Dream Expedition

Margaret Feinberg

On our initial phone call, Joel supplied behind-the-scenes details of his recent adventure on the Inca Trail ascending Machu Picchu. The trip included rafting, paragliding, and camping. As the sun dipped below the horizon, the group gathered around the fire for a time of spiritual reflection.

While intrigued by the opportunity, I couldn’t keep the reticence out of my voice as we chatted.

“What would your dream expedition look like?” he asked.

Having grown up in Colorado, I was well versed in sleeping in tents and river bathing, but my dream expedition would be, well, more posh. Each day’s hike would be challenging but not to the point of exhaustion. We’d carry daypacks chock-full of water, sandwiches, and a blend of sweet-and-salty snacks.

Someone else would take care of our luggage. At night we’d skip sleeping bags and nestle into a cozy bed and breakfast. The majority of meals would come from a menu, and most important, we’d enjoy lots of chocolate and other treats.

“Still there?”

“Yeah,” he said, drinking in all I had shared. “I’m not sure about the treats or chocolate, but I think the place you want to go is the Highlands of Scotland.”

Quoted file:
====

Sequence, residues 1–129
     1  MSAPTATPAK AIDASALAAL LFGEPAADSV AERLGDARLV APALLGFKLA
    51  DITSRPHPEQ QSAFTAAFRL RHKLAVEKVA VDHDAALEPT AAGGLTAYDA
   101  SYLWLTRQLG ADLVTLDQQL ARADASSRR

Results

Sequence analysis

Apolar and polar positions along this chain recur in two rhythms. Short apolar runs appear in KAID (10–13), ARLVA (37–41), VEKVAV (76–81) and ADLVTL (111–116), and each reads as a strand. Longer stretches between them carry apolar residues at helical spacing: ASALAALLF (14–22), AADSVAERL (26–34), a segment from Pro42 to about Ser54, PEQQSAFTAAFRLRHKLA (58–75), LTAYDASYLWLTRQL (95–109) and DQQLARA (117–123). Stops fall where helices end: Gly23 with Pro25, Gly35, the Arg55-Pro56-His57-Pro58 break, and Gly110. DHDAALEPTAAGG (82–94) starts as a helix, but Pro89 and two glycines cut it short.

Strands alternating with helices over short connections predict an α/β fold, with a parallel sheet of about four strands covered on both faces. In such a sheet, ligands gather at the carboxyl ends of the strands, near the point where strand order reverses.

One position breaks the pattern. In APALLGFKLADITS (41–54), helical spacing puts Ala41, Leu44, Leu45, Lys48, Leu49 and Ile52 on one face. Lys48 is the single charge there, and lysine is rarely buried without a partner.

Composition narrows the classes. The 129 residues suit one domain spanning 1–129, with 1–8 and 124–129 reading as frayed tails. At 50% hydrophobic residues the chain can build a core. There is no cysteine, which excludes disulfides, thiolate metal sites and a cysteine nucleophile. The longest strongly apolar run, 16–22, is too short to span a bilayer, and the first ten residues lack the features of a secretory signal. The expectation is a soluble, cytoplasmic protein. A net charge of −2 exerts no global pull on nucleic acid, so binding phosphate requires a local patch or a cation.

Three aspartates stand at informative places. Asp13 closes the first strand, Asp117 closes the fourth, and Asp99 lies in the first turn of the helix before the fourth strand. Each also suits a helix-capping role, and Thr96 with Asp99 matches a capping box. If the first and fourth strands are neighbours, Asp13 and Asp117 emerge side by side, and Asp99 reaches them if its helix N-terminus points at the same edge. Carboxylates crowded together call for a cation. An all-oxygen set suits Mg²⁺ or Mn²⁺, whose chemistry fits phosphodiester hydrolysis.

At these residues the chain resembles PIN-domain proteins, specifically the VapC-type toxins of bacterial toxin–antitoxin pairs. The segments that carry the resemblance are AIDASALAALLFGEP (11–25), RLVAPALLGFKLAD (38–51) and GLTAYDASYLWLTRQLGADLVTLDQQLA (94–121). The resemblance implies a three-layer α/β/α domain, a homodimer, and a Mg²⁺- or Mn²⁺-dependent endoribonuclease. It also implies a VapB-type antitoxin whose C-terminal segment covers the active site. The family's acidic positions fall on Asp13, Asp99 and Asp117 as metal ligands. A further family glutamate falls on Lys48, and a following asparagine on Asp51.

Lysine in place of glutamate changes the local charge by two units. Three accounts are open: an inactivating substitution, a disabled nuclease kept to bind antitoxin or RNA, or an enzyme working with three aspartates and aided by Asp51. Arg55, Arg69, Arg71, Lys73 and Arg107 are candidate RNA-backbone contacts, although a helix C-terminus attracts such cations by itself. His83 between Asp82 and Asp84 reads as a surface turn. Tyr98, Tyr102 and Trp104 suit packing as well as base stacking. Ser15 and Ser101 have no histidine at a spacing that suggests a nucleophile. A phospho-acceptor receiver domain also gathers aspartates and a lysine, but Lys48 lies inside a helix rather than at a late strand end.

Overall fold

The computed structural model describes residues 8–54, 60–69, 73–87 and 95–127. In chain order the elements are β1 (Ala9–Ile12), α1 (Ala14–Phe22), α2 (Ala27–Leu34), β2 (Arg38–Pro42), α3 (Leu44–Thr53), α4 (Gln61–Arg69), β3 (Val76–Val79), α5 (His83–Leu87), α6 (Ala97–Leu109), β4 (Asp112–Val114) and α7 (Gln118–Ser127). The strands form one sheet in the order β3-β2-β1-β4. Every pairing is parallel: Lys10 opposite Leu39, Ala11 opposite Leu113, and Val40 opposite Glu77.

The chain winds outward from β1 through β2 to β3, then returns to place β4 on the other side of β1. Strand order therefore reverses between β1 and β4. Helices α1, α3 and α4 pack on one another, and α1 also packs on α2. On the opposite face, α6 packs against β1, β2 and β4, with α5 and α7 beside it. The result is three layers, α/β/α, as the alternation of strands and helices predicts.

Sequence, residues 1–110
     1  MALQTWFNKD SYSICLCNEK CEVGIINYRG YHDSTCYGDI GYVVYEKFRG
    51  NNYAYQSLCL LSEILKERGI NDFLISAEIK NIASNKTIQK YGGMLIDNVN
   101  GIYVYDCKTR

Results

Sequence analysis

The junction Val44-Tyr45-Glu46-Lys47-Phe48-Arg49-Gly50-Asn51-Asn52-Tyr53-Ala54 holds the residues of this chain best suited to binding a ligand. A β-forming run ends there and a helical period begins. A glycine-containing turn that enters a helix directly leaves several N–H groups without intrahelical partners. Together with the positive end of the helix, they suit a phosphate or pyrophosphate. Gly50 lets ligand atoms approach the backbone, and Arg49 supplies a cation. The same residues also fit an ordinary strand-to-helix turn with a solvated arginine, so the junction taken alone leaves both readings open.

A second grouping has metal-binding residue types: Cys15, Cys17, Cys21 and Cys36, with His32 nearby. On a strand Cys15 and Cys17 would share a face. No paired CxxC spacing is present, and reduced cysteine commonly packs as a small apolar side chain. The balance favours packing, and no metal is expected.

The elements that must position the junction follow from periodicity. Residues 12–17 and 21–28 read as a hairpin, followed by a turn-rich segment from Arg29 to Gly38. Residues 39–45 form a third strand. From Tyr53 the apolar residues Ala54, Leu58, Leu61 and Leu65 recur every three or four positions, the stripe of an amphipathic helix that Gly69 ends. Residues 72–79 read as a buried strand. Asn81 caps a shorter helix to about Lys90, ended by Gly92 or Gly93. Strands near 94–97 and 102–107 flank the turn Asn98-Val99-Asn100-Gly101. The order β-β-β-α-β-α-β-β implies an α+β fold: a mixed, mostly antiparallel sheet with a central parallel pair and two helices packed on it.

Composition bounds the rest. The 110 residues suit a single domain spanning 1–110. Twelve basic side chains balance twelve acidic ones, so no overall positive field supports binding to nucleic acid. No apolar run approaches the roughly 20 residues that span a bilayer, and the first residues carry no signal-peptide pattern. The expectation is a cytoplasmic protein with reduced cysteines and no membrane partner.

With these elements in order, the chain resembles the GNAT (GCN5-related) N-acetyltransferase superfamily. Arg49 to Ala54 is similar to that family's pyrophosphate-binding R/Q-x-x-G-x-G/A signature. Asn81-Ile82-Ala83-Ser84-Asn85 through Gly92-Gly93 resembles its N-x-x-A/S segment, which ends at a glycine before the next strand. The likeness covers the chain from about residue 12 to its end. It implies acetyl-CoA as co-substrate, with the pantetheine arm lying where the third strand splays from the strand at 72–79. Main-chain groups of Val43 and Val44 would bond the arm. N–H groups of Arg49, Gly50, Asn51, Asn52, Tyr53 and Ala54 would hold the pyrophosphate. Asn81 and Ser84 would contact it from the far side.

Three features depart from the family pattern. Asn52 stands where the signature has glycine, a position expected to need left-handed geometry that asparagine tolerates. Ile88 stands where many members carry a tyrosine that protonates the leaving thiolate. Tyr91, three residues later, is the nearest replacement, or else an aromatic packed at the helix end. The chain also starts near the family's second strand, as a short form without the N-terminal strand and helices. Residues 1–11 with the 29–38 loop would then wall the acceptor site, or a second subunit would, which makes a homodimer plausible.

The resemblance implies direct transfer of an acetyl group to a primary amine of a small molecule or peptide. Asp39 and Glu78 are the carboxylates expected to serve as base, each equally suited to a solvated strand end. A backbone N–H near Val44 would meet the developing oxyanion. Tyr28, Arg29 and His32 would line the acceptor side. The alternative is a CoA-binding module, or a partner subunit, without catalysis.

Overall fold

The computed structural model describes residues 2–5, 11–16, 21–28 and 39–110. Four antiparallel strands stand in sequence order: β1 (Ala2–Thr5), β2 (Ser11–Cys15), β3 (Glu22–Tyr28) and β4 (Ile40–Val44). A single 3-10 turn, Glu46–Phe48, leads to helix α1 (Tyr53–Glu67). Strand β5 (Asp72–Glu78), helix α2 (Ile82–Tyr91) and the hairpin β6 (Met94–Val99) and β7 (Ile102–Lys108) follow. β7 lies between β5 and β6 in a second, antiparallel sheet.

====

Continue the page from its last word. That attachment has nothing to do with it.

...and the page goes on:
I didn’t know much about the Scottish Highlands and had never dreamed of leading a spiritual pilgrimage overseas, but as Joel described the expedition along the historic route, my imagination sparkled at the possibility.

Further details poured in over the following weeks. I found myself saying yes to Joel without any tangible idea of what I was saying yes to. And then we were there, standing in the Edinburgh airport introducing ourselves to one another – seven women along with two men who served as our support team. Our task: hike 80 Kilometers (50 miles) of the Highland Way, which ended in Fort William at the foot of Great Britain’s tallest mountain, Ben Nevis.

The drive to our first night’s lodging, located near the trailhead, hinted at the diverse beauty we’d encounter. Stout forests. Quiet glens. Austere rock summits. Sapphire lakes too numerous to count. The inn where we stayed that night brought comfort to our hungry stomachs and travel-weary bodies.

When Joel handed me the key to my room, I had no idea what to expect but was delighted to discover a small room, immaculate, with a single twin-sized bed and private bathroom.

I rested my luggage on the grey floor and tried to factor in the time change as I calculated how long until dinner. Forty-five minutes - just enough time to prepare for the evening devotion that followed the meal.

One last time, I prayerfully considered what to share and reflected on the work God had been doing in my life.

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